Most branches meet twice a year, usually in Spring and Autumn. Meetings are usually face-to-face but some may be held virtually. When you become a member, you will automatically be eligible to attend the SRSG’s annual conference, usually held in Perth, where up to 160 raptor workers from across Scotland and further afield gather along with invited guests to hear talks, socialise and network. Some branches have other more informal means of keeping in touch such as ‘Whatsapp’ groups.

What does raptor monitoring entail?

The majority of the work takes place during the breeding season between March and July. All our members are encouraged to follow the survey techniques set out in Hardey et al. ( This typically involves several visits to each individual territory, to first establish occupancy and then to monitor the breeding attempt at any active nests ( Nest visits are not always necessary, rather your understanding of what you have observed is as important. At the end of the season your data will be submitted to the SRMS. You should not be worried if you do not find occupied territories – provided that you are consistently checking the same area comprehensively from one year to the next, negative records can be as valuable as confirmed territories.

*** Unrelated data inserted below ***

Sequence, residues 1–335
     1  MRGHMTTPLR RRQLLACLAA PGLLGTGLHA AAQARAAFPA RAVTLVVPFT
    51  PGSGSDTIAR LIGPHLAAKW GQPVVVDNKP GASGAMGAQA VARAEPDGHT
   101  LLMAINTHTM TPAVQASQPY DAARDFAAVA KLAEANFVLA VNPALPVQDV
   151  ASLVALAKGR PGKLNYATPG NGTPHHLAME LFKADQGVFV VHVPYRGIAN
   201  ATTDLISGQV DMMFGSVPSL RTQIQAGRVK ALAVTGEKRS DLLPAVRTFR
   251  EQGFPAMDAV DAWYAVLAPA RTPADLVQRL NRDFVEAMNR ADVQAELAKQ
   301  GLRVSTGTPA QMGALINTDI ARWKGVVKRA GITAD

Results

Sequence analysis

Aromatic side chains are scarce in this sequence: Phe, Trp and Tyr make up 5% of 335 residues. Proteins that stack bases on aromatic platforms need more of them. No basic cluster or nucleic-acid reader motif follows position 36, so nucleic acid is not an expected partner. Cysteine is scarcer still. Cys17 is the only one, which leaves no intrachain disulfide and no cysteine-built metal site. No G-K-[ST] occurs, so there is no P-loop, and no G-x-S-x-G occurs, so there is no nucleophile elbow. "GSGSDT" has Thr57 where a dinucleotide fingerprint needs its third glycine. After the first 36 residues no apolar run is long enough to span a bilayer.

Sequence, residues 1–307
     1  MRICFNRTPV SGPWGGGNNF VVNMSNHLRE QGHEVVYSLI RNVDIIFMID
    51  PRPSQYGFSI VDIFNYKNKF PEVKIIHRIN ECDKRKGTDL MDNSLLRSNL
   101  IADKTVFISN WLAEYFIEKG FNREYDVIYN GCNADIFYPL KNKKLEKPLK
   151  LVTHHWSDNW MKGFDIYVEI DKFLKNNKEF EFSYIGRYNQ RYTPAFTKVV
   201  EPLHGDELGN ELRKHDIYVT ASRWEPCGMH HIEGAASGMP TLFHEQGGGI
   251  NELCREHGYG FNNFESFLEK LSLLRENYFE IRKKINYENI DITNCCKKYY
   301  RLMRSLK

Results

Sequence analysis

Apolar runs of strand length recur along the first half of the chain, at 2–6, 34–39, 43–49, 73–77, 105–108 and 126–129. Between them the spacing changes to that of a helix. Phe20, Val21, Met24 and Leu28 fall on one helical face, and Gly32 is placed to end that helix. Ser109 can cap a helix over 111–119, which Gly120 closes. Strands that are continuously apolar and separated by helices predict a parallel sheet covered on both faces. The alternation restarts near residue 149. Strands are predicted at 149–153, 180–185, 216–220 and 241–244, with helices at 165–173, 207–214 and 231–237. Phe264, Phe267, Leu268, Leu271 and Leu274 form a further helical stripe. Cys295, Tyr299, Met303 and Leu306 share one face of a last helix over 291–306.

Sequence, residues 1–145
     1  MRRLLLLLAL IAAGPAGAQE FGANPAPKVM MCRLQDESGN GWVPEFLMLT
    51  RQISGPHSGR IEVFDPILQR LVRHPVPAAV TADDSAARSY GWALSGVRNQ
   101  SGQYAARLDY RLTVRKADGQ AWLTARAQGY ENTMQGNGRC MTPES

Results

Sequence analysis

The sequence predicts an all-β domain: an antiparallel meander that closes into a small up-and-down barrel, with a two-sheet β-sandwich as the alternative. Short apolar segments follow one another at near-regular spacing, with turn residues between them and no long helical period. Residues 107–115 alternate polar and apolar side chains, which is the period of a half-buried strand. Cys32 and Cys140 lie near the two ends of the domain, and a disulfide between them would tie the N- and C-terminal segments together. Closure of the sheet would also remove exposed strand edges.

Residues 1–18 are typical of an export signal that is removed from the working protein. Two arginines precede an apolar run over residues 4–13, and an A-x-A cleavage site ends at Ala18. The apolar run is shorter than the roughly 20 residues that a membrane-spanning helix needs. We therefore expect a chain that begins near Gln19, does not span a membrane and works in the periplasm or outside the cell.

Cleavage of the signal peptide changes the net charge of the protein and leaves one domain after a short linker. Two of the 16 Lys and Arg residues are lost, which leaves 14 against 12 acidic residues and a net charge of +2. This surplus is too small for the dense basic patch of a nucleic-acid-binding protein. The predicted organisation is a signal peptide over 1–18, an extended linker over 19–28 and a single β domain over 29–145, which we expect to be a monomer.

What personal attributes are required?

A good working knowledge of ornithology is desirable along with patience, tenacity, observation skills and the willingness to put up with variable weather conditions.

Do I need specialist equipment?

The only equipment required are a pair of binoculars and appropriate outdoor clothing.

How fit do I need to be?

A minimal level of fitness is required, however, this will vary depending on the species – monitoring owl nest boxes in a lowland setting, for example, would require a lower level of fitness than say monitoring Golden Eagle in a remote, mountainous area.

How much time do I have to commit?

We appreciate that some people are limited in the time and resources they have available, however, there is no maximum or minimum and all contributions are welcome, as they all count towards the overall results at the end of the season. The time taken can vary depending on several factors such as the species, the weather and the observed level of activity at each site visit. Checking nest boxes is usually quick and a high number can be visited in a day whereas monitoring remote montane areas can sometimes take all day. The level of input is down to you but from experience we find that as your knowledge deepens your level of input will probably increase.

Do I need to be a specialist in birds of prey?